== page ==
Among the upcoming cases to be heard by the U.S. Supreme Court will be Arizona v. Navajo Nation, No. 21-1484. University of Georgia School of Law Assistant Professor Adam D. Orford is available for further commentary.

According to Orford, the case focuses on two issues:

  1. Whether the opinion of the U.S. Court of Appeals for the 9th Circuit, allowing the Navajo Nation to proceed with a claim to enjoin the secretary of the U.S. Department of the Interior to develop a plan to meet the Navajo Nation’s water needs and manage the mainstream of the Colorado River in the Lower Basin so as not to interfere with that plan, infringes upon the Supreme Court’s retained and exclusive jurisdiction over the allocation of water from the LBCR mainstream in Arizona v. California
  2. Whether the Navajo Nation can state a cognizable claim for breach of trust consistent with the Supreme Court’s holding in United States v. Jicarilla Apache Nationbased solely on unquantified implied rights to water under the doctrine of Winters v. United States.


Please describe the case Arizona v. Navajo Nation. 

The Navajo Nation has long been pursuing a lawsuit against the United States government on the theory that the U.S. had breached its trust responsibilities to secure water for the Tribe’s use on its reservation lands. The Navajo Nation has been opposed in its efforts both the federal government, which denies that the specific claimed duty exists, and by western states and water users, who fear that the ultimate end of any such suit will be their loss of water allocated from the Colorado River under prior interstate agreements and a Supreme Court decision. 

Both the U.S. and the western water users and states - Arizona, Nevada, and Colorado - seek the Supreme Court’s review of a 9th Circuit decision that a duty exists sufficient to support the Navajo Nation’s lawsuit. The states also argue that regardless of whether such a duty exists all claims to enforce it are barred by the Supreme Court’s prior reservation of jurisdiction over claims related to Colorado River water allocation, while the U.S. takes the position that it is premature to consider this question. 

What is the chief legal question in the case? 

Whether tribal water rights the Supreme Court has previously found to be implied by tribal treaties (“Winters” rights) are enforceable in a suit for breach of trust given prior Supreme Court precedent indicating such enforcement requires a right expressly accepted by the U.S.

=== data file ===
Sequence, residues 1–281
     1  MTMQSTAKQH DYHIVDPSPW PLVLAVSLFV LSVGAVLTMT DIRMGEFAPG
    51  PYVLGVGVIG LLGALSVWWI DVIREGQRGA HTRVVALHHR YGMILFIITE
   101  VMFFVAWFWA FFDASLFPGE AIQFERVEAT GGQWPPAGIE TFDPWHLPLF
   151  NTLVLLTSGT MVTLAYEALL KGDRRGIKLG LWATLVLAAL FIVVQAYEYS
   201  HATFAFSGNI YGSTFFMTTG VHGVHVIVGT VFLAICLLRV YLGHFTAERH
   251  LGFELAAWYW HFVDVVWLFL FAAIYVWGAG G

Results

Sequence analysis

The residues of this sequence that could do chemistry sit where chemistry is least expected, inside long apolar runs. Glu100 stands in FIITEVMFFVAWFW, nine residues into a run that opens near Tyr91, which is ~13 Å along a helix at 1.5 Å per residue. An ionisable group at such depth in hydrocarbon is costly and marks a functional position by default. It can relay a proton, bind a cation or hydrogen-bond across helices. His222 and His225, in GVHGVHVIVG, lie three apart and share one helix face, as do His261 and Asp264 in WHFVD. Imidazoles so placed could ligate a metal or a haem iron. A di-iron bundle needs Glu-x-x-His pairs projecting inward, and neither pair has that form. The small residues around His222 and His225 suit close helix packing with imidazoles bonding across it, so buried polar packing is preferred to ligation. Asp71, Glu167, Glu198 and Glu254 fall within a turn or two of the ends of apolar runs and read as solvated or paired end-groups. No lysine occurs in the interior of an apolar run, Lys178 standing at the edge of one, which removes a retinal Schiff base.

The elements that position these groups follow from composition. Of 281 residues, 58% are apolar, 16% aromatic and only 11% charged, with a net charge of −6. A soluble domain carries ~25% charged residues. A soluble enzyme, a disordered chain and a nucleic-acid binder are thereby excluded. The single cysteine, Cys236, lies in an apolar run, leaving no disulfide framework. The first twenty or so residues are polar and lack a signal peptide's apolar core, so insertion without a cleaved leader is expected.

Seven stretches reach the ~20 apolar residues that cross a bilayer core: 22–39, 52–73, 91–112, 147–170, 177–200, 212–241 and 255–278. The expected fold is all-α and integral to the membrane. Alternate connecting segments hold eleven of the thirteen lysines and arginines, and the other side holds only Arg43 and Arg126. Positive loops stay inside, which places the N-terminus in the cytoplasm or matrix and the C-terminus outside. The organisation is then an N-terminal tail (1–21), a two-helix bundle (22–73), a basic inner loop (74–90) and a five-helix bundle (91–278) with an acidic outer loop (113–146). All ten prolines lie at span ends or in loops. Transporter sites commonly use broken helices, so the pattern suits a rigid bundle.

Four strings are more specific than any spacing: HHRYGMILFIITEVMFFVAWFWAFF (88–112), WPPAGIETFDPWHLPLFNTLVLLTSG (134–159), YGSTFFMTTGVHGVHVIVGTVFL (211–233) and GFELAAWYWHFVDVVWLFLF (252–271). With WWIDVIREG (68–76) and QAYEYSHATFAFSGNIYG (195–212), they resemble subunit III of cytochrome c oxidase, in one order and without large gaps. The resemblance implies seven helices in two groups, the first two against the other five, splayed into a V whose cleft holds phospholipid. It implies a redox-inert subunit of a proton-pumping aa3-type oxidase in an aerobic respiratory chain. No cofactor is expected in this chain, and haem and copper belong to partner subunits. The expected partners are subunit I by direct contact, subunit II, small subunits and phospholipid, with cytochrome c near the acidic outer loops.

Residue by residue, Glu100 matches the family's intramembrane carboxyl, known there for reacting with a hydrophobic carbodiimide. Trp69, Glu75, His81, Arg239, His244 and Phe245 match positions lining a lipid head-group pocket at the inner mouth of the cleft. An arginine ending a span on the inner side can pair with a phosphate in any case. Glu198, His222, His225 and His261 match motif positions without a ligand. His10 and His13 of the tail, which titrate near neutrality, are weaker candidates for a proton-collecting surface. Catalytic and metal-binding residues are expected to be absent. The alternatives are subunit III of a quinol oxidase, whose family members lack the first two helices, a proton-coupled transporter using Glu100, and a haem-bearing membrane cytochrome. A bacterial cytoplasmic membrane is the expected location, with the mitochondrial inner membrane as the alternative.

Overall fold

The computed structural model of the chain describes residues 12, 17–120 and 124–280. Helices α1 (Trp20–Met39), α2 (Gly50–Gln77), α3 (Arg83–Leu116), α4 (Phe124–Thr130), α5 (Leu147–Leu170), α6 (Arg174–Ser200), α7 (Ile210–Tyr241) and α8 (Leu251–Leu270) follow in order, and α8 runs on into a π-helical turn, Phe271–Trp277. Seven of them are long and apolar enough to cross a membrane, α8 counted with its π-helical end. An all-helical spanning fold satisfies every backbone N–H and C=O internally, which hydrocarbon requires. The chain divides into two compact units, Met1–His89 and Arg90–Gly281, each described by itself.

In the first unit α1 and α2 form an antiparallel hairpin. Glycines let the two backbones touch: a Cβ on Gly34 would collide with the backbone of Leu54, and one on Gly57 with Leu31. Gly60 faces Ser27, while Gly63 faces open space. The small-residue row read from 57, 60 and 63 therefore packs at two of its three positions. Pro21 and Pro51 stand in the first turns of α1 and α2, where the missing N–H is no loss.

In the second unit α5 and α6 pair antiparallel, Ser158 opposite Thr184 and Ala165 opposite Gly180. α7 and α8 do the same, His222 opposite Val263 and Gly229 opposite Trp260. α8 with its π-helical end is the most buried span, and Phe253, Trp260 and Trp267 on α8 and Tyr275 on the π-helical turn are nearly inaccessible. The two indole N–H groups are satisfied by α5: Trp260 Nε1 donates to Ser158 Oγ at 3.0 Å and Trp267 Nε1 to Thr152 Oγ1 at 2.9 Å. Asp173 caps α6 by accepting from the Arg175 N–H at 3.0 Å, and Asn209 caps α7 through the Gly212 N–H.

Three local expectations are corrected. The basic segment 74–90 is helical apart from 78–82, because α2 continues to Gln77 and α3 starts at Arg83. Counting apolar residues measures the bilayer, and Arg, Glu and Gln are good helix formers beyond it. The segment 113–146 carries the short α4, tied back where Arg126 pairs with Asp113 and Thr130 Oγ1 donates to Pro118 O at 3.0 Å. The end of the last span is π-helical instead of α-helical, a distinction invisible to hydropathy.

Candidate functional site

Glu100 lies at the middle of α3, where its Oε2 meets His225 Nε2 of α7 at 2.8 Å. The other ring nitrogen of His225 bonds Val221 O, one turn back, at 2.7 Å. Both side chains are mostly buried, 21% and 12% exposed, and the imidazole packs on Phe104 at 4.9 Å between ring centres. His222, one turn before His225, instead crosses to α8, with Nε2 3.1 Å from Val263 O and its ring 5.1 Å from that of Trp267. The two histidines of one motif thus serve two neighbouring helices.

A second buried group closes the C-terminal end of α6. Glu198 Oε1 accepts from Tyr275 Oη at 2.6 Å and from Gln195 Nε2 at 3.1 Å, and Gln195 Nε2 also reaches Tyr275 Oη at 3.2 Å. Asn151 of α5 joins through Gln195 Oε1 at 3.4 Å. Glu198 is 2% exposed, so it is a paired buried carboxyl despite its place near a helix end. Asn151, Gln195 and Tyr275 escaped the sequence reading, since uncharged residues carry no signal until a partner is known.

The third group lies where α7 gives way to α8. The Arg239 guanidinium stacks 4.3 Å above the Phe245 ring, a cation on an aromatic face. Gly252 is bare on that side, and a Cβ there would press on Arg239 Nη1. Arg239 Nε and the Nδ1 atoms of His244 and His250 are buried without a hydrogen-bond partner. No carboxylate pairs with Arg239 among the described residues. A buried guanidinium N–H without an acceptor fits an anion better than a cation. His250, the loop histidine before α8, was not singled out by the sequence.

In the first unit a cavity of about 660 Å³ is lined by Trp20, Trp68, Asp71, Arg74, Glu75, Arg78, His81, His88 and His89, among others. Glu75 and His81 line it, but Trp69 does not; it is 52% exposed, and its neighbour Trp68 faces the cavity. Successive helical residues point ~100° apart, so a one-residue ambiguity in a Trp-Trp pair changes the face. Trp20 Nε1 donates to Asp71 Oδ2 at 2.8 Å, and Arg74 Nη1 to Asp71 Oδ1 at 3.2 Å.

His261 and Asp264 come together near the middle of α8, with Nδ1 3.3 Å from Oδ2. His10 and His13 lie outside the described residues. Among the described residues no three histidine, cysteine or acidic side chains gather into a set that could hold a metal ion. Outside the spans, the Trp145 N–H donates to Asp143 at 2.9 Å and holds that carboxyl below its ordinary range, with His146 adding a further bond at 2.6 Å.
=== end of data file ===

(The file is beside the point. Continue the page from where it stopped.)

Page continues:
To what extent a suit on this basis, which would require the U.S. to develop a plan to secure water for the Navajo Nation consistent with its rights (which would probably mean taking water from the Colorado River), would be inconsistent with the Supreme Court’s retention of jurisdiction over all claims related to the allocation of waters from the Colorado River.  

What are the possible impacts of the case? Why do they matter? 

Western water is over-allocated and something of a zero-sum problem under current law. Interests holding rights under the current system would lose water if the Navajo Nation’s rights were interposed into the current allocation framework.  Meanwhile, the Navajo Nation suffers from water scarcity and poverty in part attributable to a long history of unfair treatment under these systems. 

What do you think will be the likely ruling in Arizona v. Navajo Nation? 

It is very difficult to predict. The Court has long attempted to protect tribal interests - and a ruling on this issue for the Navajo Nation would be most consistent with the Court’s prior water law decisions that attempt to achieve that result. 

Whatever the ruling, the most likely outcome is more litigation while the western states continue to manage their water resources unsustainably and in a manner that prioritizes agriculture and urban growth over environmental protection and tribal wellbeing.